Current instruments for intracorporeal lithotripsy have several disadvantages:

There is poor control of the outcome. By trial and error, the urologist must manually adjust the power settings, activate the instrument, and determine that the desired outcome for the case at hand has resulted. This process is usually iterated, thereby prolonging the procedure. In addition, the parameters available for change by the urologist are limited. Moreover, there is frequently no clear relation between the instrument settings and the effect on the calculus being treated.

Stone migration away from the endoscope, known as retropulsion, is a generally undesirable effect of lithotripsy. Retropulsion creates a need to further adjust or reposition the instrument, which prolongs the procedure and increases its cost. Moreover, in the case of ureteroscopy, migration of the stone up the ureter might result in its entering the renal pelvis, which could necessitate the use of another piece of equipment to complete the procedure, thereby increasing costs and possibly increasing morbidity.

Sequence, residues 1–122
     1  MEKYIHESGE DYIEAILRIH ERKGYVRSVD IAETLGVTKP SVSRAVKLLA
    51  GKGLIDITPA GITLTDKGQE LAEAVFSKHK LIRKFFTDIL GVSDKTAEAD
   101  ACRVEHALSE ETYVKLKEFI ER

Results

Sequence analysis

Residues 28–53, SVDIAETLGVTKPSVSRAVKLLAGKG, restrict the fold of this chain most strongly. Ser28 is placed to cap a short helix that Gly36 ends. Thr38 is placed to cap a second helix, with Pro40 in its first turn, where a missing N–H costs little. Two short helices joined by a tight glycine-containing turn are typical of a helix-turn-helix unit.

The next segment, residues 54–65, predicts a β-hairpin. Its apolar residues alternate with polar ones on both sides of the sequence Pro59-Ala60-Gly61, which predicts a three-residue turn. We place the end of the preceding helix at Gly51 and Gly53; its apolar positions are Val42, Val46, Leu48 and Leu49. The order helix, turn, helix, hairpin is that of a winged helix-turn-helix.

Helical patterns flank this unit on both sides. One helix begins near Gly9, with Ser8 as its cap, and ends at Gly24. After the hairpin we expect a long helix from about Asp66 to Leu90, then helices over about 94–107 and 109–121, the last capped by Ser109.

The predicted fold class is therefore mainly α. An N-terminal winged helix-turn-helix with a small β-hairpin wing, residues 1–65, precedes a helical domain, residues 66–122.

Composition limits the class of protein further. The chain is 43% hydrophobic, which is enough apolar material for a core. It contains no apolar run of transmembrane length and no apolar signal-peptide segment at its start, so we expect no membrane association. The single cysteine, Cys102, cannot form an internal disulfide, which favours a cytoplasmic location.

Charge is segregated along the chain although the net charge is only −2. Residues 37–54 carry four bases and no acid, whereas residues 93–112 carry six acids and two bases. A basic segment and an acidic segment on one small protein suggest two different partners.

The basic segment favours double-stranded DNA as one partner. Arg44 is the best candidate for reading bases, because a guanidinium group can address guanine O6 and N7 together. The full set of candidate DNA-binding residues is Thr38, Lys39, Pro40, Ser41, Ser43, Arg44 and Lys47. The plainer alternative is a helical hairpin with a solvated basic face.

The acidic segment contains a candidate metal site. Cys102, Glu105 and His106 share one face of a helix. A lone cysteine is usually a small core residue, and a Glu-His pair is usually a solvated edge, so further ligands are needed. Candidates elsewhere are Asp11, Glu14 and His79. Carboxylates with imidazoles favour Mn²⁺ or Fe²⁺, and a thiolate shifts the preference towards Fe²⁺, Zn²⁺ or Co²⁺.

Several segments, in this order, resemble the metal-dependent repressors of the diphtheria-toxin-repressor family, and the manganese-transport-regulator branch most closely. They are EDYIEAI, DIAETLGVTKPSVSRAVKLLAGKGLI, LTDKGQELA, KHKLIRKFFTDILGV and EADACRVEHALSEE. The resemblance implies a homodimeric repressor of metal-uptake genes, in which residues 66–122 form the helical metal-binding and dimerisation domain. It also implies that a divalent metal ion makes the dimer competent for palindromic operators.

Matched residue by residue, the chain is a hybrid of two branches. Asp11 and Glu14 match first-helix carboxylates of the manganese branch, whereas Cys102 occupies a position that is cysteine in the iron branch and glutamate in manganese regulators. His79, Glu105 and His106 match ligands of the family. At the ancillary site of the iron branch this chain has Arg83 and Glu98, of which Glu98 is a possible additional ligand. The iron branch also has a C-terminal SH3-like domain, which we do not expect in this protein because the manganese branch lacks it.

Fragmentation of the stone is a desirable effect of lithotripsy. However, conventional techniques and instruments provide limited and inefficient control over the size of the stone fragments. Typically, fragments of various sizes break off from the main body of the stone. As a rule of thumb, stone fragments, which are bigger than 2 mm must be treated either by extraction or by further fragmentation. Smaller fragments are desirable, as they may be left in place. Currently, in the case of endoscopy, the urologist can only estimate the stone size by comparing the stone with the laser fiber, which has a known diameter in the image. Such estimates may be inaccurate.

There is a tradeoff between increasing power settings, which results in more fragmentation but with a greater degree of stone migration. Furthermore, increasing the power tends to produce larger fragments. Therefore, the urologist must make a compromise.

SUMMARY OF THE INVENTION